Shangri La Dialogue: US Defence Secretary, Australian PM threaten North Korea, China

By Peter Symonds
3 June 2017

US Defence Secretary James Mattis and Australian Prime Minister Malcolm Turnbull used the annual Shangri La Dialogue in Singapore to once again demand that China compel North Korea to abandon its nuclear and missile programs. Both men insisted that the “international rules-based order,” based on the hegemony of US imperialism in Asia, must be maintained, and warned China not to try to assert its regional influence.

The Dialogue, the premier Asian conference on strategic and defence issues, is taking place amid acute tensions on the Korean Peninsula as the US threatens war against North Korea and continues a relentless military build-up in the area. The US Navy began joint exercises with Japan in the Sea of Japan this week, involving two aircraft carriers, the USS Vinson and the USS Ronald Reagan, together with their strike groups and Japanese warships—a helicopter carrier and a destroyer.

While the Pentagon downplayed the drill as routine, it was the first involving two US aircraft carriers off the Korean Peninsula for 20 years and the first ever involving Japanese naval vessels. A third US aircraft carrier strike group, led by the USS Nimitz, is reportedly heading to the area. The US military also has been engaged in extensive war games with South Korea in recent months, involving naval and air forces and up to 300,000 troops.

In his speech today in Singapore, Defence Secretary Mattis denounced North Korea’s long record of alleged criminal activity and “illegal” nuclear and missile tests. He declared that the Pyongyang regime was “a clear and present danger”—that is, an imminent threat—to “all of us.” In comments directed in particular at China, he added, “it is therefore imperative that we all do our part” to ensure the denuclearisation of the Korean Peninsula.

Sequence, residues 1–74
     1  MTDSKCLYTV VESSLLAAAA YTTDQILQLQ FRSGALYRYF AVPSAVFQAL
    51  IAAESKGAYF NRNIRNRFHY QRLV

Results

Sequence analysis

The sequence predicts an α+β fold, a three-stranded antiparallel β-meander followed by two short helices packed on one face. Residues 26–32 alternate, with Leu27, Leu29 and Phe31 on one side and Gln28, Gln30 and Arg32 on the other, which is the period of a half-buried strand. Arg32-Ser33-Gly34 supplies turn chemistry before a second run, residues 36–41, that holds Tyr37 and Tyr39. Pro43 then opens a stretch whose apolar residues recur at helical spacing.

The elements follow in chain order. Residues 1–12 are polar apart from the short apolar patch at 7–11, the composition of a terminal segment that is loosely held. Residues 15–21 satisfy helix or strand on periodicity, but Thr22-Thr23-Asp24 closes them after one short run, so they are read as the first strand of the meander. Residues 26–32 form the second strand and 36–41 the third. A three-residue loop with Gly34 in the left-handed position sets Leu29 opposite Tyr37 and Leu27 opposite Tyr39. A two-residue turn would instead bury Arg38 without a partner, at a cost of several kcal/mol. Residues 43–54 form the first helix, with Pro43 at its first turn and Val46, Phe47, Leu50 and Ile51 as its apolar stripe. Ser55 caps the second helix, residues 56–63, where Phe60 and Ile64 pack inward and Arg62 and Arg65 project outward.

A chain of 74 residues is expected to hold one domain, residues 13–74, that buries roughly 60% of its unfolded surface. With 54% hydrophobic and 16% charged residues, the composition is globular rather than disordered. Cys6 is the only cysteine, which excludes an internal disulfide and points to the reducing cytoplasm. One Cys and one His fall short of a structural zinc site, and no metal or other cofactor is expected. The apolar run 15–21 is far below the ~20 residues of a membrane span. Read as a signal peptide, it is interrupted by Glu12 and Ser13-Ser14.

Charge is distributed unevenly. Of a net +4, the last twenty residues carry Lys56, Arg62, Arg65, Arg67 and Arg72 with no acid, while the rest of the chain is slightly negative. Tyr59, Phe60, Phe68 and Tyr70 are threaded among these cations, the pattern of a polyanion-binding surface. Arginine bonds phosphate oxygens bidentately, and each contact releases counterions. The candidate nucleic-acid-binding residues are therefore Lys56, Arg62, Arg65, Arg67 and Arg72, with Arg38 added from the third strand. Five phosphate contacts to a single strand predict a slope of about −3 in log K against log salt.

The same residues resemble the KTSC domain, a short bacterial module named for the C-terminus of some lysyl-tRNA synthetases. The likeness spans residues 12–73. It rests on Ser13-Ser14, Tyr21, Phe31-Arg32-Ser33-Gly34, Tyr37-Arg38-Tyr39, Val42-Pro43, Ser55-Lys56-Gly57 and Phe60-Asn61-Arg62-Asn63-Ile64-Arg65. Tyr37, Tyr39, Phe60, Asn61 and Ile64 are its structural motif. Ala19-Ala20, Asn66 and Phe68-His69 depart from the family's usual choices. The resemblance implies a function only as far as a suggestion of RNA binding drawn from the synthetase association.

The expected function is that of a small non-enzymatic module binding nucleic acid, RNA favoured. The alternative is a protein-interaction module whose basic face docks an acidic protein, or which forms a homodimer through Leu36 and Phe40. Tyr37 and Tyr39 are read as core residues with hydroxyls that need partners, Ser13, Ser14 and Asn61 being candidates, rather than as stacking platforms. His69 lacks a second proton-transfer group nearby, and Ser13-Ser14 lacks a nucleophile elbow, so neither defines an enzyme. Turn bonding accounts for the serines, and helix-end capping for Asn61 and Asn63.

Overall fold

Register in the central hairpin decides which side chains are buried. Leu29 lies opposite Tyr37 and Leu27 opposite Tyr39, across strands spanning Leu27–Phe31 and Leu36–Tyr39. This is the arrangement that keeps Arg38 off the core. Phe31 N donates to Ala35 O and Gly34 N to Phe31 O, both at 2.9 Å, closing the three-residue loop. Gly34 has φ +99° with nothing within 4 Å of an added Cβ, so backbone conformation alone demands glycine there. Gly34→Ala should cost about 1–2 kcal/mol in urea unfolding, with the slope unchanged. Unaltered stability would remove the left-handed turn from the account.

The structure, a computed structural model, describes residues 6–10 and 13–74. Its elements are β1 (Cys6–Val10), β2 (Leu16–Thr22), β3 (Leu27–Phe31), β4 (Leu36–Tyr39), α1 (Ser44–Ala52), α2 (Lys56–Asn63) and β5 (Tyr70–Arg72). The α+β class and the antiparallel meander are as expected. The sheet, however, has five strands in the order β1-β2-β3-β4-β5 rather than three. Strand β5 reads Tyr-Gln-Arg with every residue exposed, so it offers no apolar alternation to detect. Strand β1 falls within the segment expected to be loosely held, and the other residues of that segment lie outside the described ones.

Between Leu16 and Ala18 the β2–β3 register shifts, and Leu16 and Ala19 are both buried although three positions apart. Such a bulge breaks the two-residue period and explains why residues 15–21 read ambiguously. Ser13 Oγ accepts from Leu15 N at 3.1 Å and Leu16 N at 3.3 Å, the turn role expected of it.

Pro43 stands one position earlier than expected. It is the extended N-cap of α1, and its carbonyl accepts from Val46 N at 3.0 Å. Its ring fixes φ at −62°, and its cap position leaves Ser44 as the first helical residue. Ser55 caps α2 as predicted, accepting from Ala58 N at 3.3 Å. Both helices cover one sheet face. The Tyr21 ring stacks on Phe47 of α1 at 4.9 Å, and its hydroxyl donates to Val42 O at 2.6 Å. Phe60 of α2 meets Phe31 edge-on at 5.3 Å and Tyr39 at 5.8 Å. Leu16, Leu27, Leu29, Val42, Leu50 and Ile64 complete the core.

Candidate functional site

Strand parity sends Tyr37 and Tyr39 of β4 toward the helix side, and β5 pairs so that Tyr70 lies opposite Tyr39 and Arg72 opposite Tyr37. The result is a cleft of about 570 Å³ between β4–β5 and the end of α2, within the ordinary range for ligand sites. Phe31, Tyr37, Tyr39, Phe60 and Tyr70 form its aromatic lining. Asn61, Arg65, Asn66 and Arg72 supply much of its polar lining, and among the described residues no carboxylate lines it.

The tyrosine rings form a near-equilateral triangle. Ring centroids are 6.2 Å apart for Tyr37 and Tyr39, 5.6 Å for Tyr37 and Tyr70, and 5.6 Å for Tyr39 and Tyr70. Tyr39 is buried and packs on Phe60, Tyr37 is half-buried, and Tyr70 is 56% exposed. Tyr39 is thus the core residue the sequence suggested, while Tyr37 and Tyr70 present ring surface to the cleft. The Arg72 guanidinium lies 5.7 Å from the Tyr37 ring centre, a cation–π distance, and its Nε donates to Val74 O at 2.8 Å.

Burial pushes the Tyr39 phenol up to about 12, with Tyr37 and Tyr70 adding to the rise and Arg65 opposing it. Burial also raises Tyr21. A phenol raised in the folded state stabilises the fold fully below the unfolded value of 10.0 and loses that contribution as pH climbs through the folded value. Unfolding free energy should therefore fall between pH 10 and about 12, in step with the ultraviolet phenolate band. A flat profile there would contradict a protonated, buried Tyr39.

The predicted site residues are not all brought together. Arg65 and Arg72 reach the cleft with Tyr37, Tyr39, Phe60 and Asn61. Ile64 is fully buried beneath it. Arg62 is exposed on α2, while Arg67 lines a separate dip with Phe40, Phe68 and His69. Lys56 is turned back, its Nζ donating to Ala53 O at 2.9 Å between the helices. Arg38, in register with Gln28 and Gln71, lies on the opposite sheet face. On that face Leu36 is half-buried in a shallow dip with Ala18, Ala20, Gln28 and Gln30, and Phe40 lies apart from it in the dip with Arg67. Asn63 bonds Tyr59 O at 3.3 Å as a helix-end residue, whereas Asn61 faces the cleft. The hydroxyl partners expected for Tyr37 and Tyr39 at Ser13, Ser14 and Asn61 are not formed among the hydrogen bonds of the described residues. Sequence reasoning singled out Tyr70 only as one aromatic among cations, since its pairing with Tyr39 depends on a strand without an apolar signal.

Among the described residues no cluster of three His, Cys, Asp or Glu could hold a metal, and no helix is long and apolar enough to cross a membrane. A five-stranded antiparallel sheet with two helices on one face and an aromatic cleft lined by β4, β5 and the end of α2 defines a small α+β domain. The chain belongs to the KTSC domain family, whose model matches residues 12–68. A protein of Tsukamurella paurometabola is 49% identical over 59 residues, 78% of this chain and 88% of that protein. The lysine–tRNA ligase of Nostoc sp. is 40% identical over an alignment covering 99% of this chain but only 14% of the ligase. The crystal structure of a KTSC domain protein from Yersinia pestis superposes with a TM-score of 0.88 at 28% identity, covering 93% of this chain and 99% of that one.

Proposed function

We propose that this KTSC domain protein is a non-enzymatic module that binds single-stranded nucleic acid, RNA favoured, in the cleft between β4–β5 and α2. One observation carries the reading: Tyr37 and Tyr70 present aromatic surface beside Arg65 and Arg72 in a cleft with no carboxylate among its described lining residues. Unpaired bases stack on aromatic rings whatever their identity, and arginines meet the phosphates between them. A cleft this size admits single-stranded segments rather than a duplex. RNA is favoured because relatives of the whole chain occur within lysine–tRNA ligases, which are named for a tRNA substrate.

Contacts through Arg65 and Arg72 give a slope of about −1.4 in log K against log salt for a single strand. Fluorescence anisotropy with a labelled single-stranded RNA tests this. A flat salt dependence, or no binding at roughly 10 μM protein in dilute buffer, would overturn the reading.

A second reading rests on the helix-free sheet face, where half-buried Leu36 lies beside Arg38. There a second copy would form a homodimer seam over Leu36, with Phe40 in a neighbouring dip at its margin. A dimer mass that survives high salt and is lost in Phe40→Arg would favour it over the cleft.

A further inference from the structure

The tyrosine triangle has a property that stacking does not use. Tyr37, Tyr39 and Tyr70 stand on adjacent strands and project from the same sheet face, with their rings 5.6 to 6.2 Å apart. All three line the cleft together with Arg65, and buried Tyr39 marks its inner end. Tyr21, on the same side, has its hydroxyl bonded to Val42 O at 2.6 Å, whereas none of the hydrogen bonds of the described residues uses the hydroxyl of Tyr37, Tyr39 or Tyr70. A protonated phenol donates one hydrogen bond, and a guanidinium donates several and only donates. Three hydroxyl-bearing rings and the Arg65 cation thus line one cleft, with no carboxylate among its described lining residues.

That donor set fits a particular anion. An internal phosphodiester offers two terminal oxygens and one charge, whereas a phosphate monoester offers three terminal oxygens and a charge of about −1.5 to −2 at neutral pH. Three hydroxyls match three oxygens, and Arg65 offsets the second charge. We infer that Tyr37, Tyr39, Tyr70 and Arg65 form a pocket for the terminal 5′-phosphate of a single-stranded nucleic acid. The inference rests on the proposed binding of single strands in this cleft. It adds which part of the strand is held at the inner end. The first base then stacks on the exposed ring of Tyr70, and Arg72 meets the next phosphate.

While noting China’s efforts to force North Korea to denuclearise, Mattis reiterated President Donald Trump’s remark that the policy of “strategic patience” was over. In other words, the US will not wait indefinitely for North Korea to bow to its demands, but will use military force to deal with the Pyongyang regime. In a warning directed as much at Beijing as Pyongyang, Trump tweeted earlier this year that if China did not deal with North Korea, the US would “solve the problem without them.”

Mattis also warned Beijing that the US would not tolerate China’s land reclamation activities in the South China Sea and was committed to “freedom of navigation” in the disputed waters. He bluntly accused China of having “disregard for international law” and “contempt for other nations' interests.” His comments come less than a week after the US Navy provocatively sent a guided missile destroyer inside the 12-nautical-mile limit claimed by China around Mischief Reef in the South China Sea.

Mattis accused China of “undermining the rules-based order that has benefited all countries represented here today including, and especially, China.” His repeated reference to the post-World War II “rules-based order” as the basis for “peace and prosperity” in the Asia Pacific is a complete fraud. After defeating Japan, the US reinforced its dominance by fighting two brutal neo-colonial wars—in Korea and Vietnam—that cost the lives of millions, as well as by carrying out coups and backing military dictatorships throughout the region. US imperialism established the conditions to finally stabilise its strategic position in Asia only through its rapprochement with China in 1972.

Amid the continuing economic breakdown following the 2008 global financial crisis, all the post-war structures, including in Asia, are rapidly disintegrating. Confronted with its historic decline, US imperialism is resorting, with increasing recklessness, to military means to try to shore up its hegemony and undermine its rivals, especially China and Russia.